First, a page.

Search Results

You are looking at 1 - 1 of 1 items for

  • Author: Paul Lips x
Clear All Modify Search
Free access

Christianne M A Reijnders, Nathalie Bravenboer, Annechien M Tromp, Marinus A Blankenstein and Paul Lips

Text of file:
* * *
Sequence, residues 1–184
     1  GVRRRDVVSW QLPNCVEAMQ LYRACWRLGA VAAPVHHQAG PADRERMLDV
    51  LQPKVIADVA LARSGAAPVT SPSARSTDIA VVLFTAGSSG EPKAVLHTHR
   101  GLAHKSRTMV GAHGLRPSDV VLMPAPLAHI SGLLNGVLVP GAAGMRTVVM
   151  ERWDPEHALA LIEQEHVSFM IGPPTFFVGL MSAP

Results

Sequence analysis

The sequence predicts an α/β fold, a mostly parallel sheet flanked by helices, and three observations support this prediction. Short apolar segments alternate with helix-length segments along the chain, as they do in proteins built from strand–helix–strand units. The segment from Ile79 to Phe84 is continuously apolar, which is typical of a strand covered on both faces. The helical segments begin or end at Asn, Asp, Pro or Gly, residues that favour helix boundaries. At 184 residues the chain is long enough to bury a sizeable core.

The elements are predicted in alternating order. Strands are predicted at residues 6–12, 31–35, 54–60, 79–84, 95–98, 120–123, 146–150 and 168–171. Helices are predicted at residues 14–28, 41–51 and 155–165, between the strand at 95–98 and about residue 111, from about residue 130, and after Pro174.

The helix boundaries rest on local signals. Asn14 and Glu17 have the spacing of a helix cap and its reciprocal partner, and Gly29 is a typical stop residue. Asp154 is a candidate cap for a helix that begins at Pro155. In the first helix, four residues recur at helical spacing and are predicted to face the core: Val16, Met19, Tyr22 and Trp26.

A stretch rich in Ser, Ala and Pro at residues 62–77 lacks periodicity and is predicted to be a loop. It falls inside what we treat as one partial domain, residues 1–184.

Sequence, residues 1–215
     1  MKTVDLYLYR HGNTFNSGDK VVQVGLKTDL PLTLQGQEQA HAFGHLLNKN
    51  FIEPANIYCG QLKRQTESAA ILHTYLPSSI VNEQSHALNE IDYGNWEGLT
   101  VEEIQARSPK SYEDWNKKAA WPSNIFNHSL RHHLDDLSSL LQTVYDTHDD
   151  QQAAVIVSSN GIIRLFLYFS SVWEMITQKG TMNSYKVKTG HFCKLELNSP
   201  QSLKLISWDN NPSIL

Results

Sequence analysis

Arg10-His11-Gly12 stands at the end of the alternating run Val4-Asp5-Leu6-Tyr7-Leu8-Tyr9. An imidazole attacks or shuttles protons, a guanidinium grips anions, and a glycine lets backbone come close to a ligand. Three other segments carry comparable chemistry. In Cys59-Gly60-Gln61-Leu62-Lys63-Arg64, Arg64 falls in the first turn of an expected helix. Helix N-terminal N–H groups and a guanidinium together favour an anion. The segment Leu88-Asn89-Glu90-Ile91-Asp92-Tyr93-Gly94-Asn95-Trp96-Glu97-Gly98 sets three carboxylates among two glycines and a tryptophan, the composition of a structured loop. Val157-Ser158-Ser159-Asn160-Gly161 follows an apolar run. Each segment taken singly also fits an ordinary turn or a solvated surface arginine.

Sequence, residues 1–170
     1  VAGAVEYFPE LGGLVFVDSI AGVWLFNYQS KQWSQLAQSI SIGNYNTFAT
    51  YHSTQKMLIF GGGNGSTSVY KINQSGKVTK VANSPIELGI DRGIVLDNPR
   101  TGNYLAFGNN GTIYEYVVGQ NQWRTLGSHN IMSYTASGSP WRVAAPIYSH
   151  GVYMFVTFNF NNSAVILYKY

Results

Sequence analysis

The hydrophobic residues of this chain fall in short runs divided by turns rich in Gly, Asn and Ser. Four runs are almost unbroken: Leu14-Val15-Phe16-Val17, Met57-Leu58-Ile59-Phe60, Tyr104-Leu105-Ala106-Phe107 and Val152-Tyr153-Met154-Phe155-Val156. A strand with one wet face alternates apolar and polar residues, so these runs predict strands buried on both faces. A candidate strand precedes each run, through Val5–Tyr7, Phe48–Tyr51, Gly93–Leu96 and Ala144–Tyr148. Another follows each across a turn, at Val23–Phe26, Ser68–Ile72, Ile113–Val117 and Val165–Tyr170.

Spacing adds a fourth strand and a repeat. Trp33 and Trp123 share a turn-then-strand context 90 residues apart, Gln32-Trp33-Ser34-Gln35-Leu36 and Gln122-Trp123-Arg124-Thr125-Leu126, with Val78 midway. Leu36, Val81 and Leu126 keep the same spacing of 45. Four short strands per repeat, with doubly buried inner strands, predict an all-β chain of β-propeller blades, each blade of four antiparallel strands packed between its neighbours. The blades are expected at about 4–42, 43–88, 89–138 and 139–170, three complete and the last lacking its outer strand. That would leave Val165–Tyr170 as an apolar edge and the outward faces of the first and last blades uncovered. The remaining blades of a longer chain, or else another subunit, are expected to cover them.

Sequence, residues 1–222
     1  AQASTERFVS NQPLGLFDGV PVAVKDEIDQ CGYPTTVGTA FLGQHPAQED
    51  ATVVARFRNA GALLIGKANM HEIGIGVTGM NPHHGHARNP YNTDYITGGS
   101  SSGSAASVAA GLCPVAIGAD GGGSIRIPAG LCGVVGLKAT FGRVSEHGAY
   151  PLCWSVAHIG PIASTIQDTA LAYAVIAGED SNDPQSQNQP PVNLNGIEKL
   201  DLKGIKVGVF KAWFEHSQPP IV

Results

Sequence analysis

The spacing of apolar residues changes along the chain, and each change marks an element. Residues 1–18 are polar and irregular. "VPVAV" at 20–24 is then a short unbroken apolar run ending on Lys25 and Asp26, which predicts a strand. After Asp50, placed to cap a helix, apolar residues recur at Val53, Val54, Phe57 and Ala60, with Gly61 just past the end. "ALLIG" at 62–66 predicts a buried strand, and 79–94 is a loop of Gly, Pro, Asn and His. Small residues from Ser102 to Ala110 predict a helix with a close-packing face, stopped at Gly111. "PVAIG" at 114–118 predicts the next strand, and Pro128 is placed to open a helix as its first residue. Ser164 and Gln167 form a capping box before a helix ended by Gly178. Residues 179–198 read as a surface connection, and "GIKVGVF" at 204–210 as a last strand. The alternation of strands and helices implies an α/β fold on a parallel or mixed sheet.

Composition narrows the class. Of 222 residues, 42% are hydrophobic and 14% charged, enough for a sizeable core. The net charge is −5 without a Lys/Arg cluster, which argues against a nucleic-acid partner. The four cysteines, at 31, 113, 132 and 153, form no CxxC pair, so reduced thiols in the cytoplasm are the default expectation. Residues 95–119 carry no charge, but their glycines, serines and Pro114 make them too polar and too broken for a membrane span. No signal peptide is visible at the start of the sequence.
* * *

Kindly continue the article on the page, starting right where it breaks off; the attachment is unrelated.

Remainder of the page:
Mechanical loading plays an essential role in maintaining skeletal integrity. Mechanical stimulation leads to increased bone formation. However, the cellular and molecular mechanisms that are involved in the translation of mechanical stimuli into bone formation, are not completely understood. Growth factors and osteocytes, which act as mechanosensors, play a key role during the bone formation after mechanical stimulation. The aim of this study was to characterize the role of IGF-I in the translation of mechanical stimuli into bone formation locally in rat tibiae. Fifteen female Wistar rats were randomly assigned to three groups (n = 5): load, sham-loaded, and control. The four-point bending model of Forwood and Turner was used to induce a single period of mechanical loading on the tibia shaft. The effects of mechanical loading on IGF-I mRNA expression were determined with non-radioactive in situ hybridization on decalcified tibiae sections, 6 h after the loading session. Endogenous IGF-I mRNA was expressed in trabecular and cortical osteoblasts, some trabecular and sub-endocortical osteocytes, intracortical endothelial cells of blood vessels, and periosteum. Megakaryocytes, macrophages, and myeloid cells also expressed IGF-I mRNA. In the growth plate, IGF-I mRNA was located in proliferative and hypertrophic chondrocytes. Mechanical loading did not affect the IGF-I mRNA expression in osteoblasts, bone marrow cells, and chondrocytes, but the osteocytes at the endosteal side of the shaft showed a twofold increase of IGF-I mRNA expression. The proportion of IGF-I mRNA positive osteocytes in loaded tibiae was 29.3 ± 12.9% (mean ± s.d.; n = 5), whereas sham-loaded and contra-lateral control tibiae exhibited 16.7 ± 4.4% (n = 5) and 14.7 ± 4.2% (n = 10) respectively (P < 0.05). Lamellar bone formation after a single mechanical loading session was observed at the endosteal side of the shaft. In conclusion, a single loading session results in a twofold up-regulation of IGF-I mRNA synthesis in osteocytes which are present in multiple layers extending into the cortical bone of mechanically stimulated tibia shaft 6 h after loading. This supports the hypothesis that IGF-I, which is located in osteocytes, is involved in the translation of mechanical stimuli into bone formation.